Power Play

The Russians continue to take advantage of the situation, playing to Erdogan’s narrative of fear and working to patch up a relationship strained by the November 2015 shoot down of a Russian fighter jet by the Turkish Air Force. American paralysis and Turkish concerns about the SDF gave Russia and Syria space to abrogate a shaky cessation of hostilities in September, achieving tactical surprise in eastern Aleppo and making a Kurdish move against Raqqah even less likely. At this point, a Kurdish deal with ISIL to protect the SDF southern flank is not hard to imagine; a development that would enrage Turkey and stiffen ISIL’s defense of Mosul. If the Iraqi assault on Mosul bogs down and Russia and Syria manage to achieve a breakthrough in Aleppo at the same time, we could see a general Turkish offensive all along its border from Mosul to Manbij supported in the west by a Syrian seizure of Raqqah. This could isolate the SDF and leave Russia, Turkey, and Iran masters of most of Kurdistan.

The United States is left with few good options. Its hopes for Mosul rely upon the effectiveness of a reconstituted Iraqi Army which is performing miraculously well but will have to operate without help from the Peshmerga that must remain outside the city. The Iraqi Army however, a largely Shia force, is not an ideal tool to control what has long been a Sunni outpost. This lends a great deal of urgency to creation of a more suitable constabulary that can stabilize the great city; what US planners call the “Wide Area Security Force”. Given that some front line Iraqi units are operating below 50% strength due to combat losses, recruitment will be only the first challenge.

Meanwhile, Turkey’s relationship with its western allies is now in tatters. The failed coup in Turkey allowed President Erdogan to consolidate his power and resulted in the ongoing purge of the Turkish military. That purge, and the Obama Administration’s refusal to extradite the coup’s alleged mastermind, Fethullah Gulen, has hamstrung the relationship between the US and Turkish militaries at a time when cooperation against ISIL is at a premium. The crowded airspace over northern Syria and Iraq illustrates how dangerous this disconnect can be: the Turkish Air Force remains off the Coalition’s order of battle and is therefore dangerously uncoordinated. American diplomats, eager to keep Turkey out of the Mosul fight, are limited to leveraging NATO to shape Turkish actions in Iraq; an unlikely and inefficient political approach that in better times would have been easily managed at the military to miliary level.

In the coming days, there will be a convergence of interests in Mosul, the scope of which has not been seen since 750 AD when the Abbasids defeated Marwan II near there, effectively ending the Umayyad dynasty and casting the Muslim world into a cycle of vengeance. To an extent, the fortunes of an army of Iraqi replacements will determine the future stability of Iraq, Turkey’s relationship with NATO and the United States, and the scope of Russian and Iranian influence in the Middle East. Though none could have foreseen the dramatic political events that have brought us to this point, we can all agree that they have made Mosul great again.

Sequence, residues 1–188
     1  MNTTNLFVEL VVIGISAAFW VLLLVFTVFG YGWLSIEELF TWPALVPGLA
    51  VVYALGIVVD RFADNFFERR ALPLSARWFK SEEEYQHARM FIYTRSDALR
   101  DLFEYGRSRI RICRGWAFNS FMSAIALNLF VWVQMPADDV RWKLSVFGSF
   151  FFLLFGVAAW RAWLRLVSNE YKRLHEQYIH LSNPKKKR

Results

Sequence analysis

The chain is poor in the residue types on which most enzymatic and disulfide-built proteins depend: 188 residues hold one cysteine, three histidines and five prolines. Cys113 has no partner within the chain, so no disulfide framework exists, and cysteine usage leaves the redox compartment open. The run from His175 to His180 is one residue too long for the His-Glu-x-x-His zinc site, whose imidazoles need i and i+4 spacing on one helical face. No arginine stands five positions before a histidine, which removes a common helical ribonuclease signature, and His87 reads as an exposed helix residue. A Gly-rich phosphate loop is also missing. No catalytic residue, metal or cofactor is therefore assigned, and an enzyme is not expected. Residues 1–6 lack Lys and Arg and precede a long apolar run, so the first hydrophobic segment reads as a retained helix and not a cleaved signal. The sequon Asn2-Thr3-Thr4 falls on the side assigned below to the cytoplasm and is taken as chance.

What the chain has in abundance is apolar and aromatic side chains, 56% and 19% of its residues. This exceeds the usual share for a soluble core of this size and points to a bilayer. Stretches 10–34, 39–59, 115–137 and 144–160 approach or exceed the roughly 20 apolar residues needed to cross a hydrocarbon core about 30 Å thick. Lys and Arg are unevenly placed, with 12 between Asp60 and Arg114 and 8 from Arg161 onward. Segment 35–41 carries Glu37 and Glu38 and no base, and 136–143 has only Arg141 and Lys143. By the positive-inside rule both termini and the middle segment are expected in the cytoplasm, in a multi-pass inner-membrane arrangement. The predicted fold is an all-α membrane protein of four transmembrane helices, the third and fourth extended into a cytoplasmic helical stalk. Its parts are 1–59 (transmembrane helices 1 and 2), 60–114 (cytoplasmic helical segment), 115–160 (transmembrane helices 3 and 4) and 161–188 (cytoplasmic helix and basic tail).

Lino Miani

Lino Miani is a retired US Army Special Forces officer, author of The Sulu Arms Market, and CEO of Navisio Global LLC 

Stealth Wealth: ISIL and the Myth of Oil

The Islamic State of Iraq and the Levant (ISIL) has established itself as an extremely powerful jihadist army in the heart of the Middle East. The group is well armed, commanding a vehicle fleet that includes 2300 High Mobility Multipurpose Wheeled Vehicles (HMMWV) and countless others along with enough weaponry and soldiers to manage a “state” of 300,000 square kilometers (roughly the size of Italy). ISIL is not just powerful, it is well funded. The group is reportedly so wealthy some members of the United States Government, without any apparent fear of hyperbole, repeatedly describe ISIL as the “best funded terrorist group in history” with oil as its main source of affluence.

The narrative is an attractive one. A wealthy terrorist group is novel and alarming. Fighting it requires new methods, new powers, and indeed new budgets. But it seems infeasible for the so-called Islamic State to accumulate wealth by selling functionally useless crude oil or poorly-refined petroleum products a truckload at a time. Survival alone must be very expensive indeed while under constant armed assault by a US-led coalition of 65 countries, along with Syria, Russia (arguably), Iran, and countless rival groups including the very capable Hezbollah. This gives credence to reports that some Sunni Arab states (allies of the United States) look the other way while their prominent citizens support the group.  Whatever the case, the mainstream media seems unwilling to question the narrative of ISIL’s oil riches.  The numbers however, do not support this idea.

Unbalancing the Books

Estimating ISIL’s oil revenue is complex and based largely on assumptions and derived intelligence but is useful for making the point that the group will have great difficulty profiting from the sale of stolen petroleum.

A generous estimate put ISIL’s February 2015 production capacity at 50,000 barrels per day (bpd). With a market price of $10 a barrel according to one Iraqi official, ISIL could theoretically make $15 million a month. But there is more to the story. ISIL does not control a single pipeline from origin to destination meaning they require 181 standard tanker trucks just to move all that oil, a very inefficient and expensive transportation method. Standard trucks of this type would require roughly four barrels of diesel just to make the 800-mile round trip from Kirkuk to Raqqah. That is 724 barrels per day ($217,000 per month) just to deliver to potential customers.